From Tom Dooley, Fiction Editor
My new career in government has introduced me to the concept of Earned Value Management, or EVM. The upshot of EVM is that there are three ingredients in any project: cost, schedule, and performance. Improving performance either increases cost or pushes out the schedule. Moving up the schedule again increases cost, or it means cutting back on performance.
Here at Eclectica, we're working to improve the appearance and technical aspects of the site, and frankly, we're experiencing some schedule overruns. Increasing cost isn't an option, so in keeping with the logic of EVM, performance is just going to have to suffer until we're able to get the work done. It's going to take a few more months to be where we want to be, but given that it took seven years to publish our first anthology, we're no strangers to the dogged approach around here.
I had originally envisioned an exciting "unveiling" to coincide with the release of a new issue, but it occurs to me now that such a mindset is rooted in more of a print-based media paradigm than that of web publishing. Here on the web, we're all playing the part of Keanu Reeves in our own versions of The Matrix. We can alter this virtual reality in whatever ways we see fit, either drastically as I had planned, or incrementally—the approach I've settled on now. So, if you're someone who drops by the site periodically, you're likely to notice subtle changes taking place over the course of the next year. A door where there was once a wall. A grassy field where there was once a parking lot. Something like that.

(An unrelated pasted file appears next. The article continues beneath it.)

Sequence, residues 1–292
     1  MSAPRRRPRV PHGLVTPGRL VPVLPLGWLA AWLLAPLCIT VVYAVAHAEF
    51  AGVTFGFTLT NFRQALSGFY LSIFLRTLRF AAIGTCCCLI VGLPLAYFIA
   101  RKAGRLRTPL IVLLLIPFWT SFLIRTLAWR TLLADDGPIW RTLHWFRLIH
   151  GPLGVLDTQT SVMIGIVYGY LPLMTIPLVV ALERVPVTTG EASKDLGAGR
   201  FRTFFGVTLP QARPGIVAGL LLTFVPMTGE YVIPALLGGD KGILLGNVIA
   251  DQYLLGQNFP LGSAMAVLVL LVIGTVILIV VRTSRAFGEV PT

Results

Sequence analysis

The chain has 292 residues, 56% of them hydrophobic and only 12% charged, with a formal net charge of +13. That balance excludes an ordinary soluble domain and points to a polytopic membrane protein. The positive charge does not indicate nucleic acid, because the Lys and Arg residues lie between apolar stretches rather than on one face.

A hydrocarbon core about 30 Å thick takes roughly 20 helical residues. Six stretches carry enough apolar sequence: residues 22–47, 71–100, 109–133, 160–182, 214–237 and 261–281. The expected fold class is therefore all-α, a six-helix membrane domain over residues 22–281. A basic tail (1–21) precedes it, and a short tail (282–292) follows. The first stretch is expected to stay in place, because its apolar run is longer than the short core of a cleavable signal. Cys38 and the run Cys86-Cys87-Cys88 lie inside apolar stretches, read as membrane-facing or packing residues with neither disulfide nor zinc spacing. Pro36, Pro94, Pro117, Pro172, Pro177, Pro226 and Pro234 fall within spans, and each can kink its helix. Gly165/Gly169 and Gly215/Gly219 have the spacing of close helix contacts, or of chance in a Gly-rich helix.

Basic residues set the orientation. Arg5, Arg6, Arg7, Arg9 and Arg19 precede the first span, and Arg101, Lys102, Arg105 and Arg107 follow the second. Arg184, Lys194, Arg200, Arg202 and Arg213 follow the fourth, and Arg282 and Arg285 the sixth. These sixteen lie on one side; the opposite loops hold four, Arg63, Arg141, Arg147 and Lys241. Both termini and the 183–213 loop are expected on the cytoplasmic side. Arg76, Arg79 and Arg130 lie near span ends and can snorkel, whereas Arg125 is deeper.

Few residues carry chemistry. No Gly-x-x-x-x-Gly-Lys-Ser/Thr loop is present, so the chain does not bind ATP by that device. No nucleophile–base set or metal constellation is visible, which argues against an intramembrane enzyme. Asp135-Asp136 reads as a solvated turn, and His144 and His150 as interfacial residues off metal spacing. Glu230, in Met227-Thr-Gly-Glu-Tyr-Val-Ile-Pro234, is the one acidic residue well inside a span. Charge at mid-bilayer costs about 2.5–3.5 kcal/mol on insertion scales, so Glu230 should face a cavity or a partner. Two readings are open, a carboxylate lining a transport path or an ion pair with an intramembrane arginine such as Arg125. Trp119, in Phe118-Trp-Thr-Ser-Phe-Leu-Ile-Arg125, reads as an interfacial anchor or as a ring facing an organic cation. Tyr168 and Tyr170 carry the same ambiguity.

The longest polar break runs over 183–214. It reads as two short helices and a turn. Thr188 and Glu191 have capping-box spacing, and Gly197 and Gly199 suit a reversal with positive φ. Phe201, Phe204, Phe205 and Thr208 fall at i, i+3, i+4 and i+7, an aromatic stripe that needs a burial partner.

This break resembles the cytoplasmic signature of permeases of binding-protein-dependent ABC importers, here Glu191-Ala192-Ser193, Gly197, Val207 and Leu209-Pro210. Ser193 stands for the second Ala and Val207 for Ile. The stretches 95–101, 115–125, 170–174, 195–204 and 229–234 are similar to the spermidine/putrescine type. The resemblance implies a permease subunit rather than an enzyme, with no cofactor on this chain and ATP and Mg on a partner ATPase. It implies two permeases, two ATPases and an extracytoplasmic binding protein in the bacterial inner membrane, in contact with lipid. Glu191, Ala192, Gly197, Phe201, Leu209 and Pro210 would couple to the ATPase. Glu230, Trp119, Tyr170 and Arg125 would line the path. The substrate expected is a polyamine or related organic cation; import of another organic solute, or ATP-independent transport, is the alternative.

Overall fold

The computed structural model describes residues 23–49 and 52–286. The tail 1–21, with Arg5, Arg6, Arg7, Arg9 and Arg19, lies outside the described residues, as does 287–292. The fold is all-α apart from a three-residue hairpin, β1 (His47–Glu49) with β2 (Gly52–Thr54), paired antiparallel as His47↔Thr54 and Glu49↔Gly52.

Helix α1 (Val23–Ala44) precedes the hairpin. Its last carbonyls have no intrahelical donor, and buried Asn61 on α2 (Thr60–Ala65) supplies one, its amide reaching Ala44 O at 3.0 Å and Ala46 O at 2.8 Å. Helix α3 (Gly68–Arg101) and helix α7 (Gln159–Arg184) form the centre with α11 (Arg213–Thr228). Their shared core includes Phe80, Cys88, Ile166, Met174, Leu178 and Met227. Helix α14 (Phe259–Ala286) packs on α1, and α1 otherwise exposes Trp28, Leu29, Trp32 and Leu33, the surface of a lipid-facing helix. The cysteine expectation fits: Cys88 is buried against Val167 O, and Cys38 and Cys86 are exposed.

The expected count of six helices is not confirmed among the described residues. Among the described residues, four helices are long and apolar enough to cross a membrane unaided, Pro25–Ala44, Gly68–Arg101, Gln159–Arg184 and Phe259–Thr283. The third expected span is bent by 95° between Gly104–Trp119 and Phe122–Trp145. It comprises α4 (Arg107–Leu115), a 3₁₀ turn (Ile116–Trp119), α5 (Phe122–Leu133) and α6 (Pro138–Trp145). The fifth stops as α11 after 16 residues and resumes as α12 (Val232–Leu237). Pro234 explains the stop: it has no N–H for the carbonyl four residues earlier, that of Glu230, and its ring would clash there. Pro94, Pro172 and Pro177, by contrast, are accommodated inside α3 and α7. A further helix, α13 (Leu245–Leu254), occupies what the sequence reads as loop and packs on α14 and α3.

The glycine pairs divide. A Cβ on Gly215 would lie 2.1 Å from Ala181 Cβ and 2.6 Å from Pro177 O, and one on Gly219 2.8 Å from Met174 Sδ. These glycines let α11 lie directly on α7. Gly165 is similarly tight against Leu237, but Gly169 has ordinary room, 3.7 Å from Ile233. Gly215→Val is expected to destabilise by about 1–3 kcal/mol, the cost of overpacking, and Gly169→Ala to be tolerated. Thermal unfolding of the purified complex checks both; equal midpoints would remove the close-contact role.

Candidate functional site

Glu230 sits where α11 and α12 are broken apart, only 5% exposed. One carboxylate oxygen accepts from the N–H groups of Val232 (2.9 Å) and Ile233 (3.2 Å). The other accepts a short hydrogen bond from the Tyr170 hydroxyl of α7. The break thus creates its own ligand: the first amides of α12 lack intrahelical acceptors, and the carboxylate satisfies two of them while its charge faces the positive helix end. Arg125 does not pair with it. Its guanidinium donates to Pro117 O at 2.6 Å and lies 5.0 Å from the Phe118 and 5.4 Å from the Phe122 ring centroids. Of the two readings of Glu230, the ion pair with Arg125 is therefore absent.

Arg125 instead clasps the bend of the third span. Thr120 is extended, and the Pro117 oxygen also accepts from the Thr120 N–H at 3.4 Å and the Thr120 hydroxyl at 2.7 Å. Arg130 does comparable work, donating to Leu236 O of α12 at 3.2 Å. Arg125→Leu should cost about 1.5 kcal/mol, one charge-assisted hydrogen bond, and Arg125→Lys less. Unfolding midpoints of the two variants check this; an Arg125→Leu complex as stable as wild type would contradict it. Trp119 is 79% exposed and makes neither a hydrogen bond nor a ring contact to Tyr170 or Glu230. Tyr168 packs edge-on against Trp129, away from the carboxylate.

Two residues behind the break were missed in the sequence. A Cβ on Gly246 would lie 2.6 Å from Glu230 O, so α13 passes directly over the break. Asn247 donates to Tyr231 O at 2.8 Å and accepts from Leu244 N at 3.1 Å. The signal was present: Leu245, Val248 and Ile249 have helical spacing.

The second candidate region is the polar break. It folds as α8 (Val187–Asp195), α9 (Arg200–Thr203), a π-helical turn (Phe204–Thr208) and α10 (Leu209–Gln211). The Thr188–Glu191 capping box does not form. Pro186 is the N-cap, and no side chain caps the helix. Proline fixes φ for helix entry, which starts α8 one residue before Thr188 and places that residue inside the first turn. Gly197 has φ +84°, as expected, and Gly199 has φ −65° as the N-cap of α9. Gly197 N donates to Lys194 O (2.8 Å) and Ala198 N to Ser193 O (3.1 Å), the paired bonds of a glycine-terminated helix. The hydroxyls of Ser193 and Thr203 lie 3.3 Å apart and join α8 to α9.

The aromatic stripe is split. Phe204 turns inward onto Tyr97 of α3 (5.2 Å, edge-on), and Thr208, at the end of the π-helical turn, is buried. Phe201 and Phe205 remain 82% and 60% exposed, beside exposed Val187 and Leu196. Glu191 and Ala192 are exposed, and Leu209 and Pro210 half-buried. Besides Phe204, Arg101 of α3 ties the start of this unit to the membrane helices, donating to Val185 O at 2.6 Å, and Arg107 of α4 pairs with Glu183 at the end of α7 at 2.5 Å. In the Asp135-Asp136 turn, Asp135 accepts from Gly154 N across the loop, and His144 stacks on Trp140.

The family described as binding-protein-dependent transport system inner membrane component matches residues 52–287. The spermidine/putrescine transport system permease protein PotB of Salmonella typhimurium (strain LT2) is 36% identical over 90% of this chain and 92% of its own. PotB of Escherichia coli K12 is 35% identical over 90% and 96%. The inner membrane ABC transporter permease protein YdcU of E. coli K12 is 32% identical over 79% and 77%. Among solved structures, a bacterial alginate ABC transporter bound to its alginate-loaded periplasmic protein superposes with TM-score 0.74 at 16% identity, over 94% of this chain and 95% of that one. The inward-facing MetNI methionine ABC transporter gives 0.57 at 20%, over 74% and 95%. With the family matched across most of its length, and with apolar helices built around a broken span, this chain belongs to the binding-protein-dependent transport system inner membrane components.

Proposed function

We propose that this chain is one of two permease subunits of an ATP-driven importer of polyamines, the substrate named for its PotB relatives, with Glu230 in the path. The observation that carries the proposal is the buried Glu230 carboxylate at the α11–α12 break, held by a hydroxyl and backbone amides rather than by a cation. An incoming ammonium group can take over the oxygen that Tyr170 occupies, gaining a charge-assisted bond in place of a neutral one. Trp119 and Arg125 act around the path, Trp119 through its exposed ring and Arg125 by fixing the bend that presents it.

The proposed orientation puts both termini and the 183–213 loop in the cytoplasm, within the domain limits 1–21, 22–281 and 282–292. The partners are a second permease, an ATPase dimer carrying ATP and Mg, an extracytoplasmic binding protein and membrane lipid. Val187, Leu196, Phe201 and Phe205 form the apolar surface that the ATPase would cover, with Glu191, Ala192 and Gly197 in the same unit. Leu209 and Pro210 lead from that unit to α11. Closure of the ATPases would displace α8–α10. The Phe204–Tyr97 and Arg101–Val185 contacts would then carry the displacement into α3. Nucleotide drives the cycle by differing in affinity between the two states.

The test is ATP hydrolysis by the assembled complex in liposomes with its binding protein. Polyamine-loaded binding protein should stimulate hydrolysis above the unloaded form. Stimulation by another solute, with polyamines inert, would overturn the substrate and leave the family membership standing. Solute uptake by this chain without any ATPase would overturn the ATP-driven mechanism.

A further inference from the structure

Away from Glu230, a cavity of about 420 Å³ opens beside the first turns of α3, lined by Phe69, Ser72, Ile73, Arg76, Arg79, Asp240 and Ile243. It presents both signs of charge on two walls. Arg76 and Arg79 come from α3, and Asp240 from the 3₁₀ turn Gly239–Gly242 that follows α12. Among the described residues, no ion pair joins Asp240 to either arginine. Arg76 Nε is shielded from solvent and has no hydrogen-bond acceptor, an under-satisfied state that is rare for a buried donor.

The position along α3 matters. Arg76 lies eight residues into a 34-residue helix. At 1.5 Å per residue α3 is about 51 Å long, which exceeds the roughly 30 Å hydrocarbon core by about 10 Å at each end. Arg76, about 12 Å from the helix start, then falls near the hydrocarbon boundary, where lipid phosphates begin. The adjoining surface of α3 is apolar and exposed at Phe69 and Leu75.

In the meantime, we'll continue to provide a forum for exciting voices from all over the world. Through poetry, fiction, nonfiction, opinion pieces, book reviews, travel writing, humor and satire, visual art, and that yet to be discovered genre we haven't thought of, those voices will continue to embody eclecticism, celebrating both the differences and commonalities of our contributors and our readers. This issue is no exception, with fiction from three continents (not to mention Canada, setting a new standard for diversity!), poetry from authors as disparate as a judge and a musician, and, well, a whole lot of other stuff that invites you to go check it out rather than have me prattle on about it. Enjoy!
From Paul Sampson, Non-Fiction Editor
In this issue, we feature five short memoirs, all involving children. Four are remembered from their authors' own youth; one tells how the author is dragged into the ongoing story of a child's anger. The tales range from hair-raising near-murders to the family disaster of addiction to a natural disaster that opens a young woman's eyes to some very old stories to a childhood embarrassment that sows the seeds for an adult reconciliation. All of them are drawn from the deep well of childhood. We invite you to compare these stories with your own childhood, or that of your children.
From Colleen Mondor, Review Editor
There are two things I have to accomplish with this note. I need to let readers know that Eclectica is looking for book reviewers and what those submission standards are, and I also need to write some words about my friend Kevin McGowin. So I am writing a very business-like message with standards for writing and publishing and also a memorial to someone we lost in the most shocking and tragic of accidents.